Let’s face it: the US loves being just a little different from everyone else. The obvious example? Units of measurement. As an international student from Canada, even I have no clue what’s going on half the time when my friends talk to me and use these weird nonsensical units. And I’ve literally lived on the border between Canada and the States for all my life. After a year here, I’ve finally got a sense of how the two systems of measurement compare and how you can more easily get your bearings with these weird units.
After a year spent in “soft-lockdown” at home in Atlanta, and as Caltech students prepared to finally return to campus, I was aboard an eight hour flight towards Edinburgh, Scotland. Since my junior year plans were interrupted by the virus who shall not be named, I’m spending my first term of senior year studying abroad through the Caltech - Edinburgh University International Exchange program. I’ve only been here just over a week yet have been exposed to so many new people, perspectives, foods, and classes.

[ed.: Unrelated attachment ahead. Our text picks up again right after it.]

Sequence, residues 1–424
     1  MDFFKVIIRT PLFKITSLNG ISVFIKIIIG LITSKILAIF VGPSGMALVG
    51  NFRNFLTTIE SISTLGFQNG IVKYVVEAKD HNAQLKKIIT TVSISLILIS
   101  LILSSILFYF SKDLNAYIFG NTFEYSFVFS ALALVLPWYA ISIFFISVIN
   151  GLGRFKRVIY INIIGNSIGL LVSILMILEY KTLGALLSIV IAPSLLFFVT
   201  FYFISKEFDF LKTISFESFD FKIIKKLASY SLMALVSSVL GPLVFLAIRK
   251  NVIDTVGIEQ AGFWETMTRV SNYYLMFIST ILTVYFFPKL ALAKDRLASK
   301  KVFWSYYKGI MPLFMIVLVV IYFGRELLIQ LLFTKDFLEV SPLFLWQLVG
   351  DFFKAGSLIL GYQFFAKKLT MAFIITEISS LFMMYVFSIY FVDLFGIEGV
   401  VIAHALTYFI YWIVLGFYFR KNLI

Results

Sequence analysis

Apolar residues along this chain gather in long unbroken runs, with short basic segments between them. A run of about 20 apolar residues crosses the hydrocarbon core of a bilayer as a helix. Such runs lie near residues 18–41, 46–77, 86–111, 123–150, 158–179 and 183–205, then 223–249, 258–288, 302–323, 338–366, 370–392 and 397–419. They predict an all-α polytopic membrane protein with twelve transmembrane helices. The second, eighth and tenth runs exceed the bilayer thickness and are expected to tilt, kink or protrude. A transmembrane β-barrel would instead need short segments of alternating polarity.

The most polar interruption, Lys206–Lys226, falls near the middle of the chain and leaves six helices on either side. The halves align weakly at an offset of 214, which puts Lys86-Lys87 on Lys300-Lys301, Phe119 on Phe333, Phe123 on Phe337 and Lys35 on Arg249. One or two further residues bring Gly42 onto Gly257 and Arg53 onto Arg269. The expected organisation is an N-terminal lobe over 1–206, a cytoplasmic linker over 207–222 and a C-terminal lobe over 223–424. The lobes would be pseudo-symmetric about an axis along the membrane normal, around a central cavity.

When the announcement was first made that fall term was going to be online, I started talking to friends and looking for places to live. We were debating locations around the country: California, Florida, New York, etc.. there were plenty of options. Then it suddenly hit me, what is stopping us from going to Hawaii, covid numbers were better and a two week quarentine would ensure that numbers stayed down… I proposed this to my friend and we agreed it would be an amazing experience, but we didn’t want to get out hopes up. A month or so later we still haven’t decided where to live, Hawaii seemed too far and too difficult to plan. But we couldn’t get the idea out of our heads. We spent some time looking into plane tickets, places to stay, etc… and it actually didn’t seem so impossible after all. A couple weeks later and we were arriving here on the big island!